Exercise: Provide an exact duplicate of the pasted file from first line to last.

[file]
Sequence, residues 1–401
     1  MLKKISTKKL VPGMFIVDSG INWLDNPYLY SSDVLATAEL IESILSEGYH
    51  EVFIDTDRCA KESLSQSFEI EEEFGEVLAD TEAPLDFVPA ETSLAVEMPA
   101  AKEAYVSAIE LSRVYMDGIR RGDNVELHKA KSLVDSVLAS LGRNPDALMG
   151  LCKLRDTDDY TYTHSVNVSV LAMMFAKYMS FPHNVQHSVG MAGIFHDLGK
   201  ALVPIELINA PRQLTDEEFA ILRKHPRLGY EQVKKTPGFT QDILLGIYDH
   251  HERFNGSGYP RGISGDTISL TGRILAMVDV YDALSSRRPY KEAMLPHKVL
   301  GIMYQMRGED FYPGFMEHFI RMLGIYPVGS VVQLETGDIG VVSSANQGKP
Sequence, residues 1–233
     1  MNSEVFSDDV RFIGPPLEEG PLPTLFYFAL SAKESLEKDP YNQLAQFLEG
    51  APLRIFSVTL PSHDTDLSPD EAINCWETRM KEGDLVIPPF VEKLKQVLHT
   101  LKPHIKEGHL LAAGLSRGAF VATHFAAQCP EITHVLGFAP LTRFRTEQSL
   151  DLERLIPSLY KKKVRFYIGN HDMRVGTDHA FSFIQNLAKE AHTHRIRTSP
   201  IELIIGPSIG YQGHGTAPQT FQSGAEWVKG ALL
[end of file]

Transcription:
Sequence, residues 1–401
     1  MLKKISTKKL VPGMFIVDSG INWLDNPYLY SSDVLATAEL IESILSEGYH
    51  EVFIDTDRCA KESLSQSFEI EEEFGEVLAD TEAPLDFVPA ETSLAVEMPA
   101  AKEAYVSAIE LSRVYMDGIR RGDNVELHKA KSLVDSVLAS LGRNPDALMG
   151  LCKLRDTDDY TYTHSVNVSV LAMMFAKYMS FPHNVQHSVG MAGIFHDLGK
   201  ALVPIELINA PRQLTDEEFA ILRKHPRLGY EQVKKTPGFT QDILLGIYDH
   251  HERFNGSGYP RGISGDTISL TGRILAMVDV YDALSSRRPY KEAMLPHKVL
   301  GIMYQMRGED FYPGFMEHFI RMLGIYPVGS VVQLETGDIG VVSSANQGKP
Sequence, residues 1–233
     1  MNSEVFSDDV RFIGPPLEEG PLPTLFYFAL SAKESLEKDP YNQLAQFLEG
    51  APLRIFSVTL PSHDTDLSPD EAINCWETRM KEGDLVIPPF VEKLKQVLHT
   101  LKPHIKEGHL LAAGLSRGAF VATHFAAQCP EITHVLGFAP LTRFRTEQSL
   151  DLERLIPSLY KKKVRFYIGN HDMRVGTDHA FSFIQNLAKE AHTHRIRTSP
   201  IELIIGPSIG YQGHGTAPQT FQSGAEWVKG ALL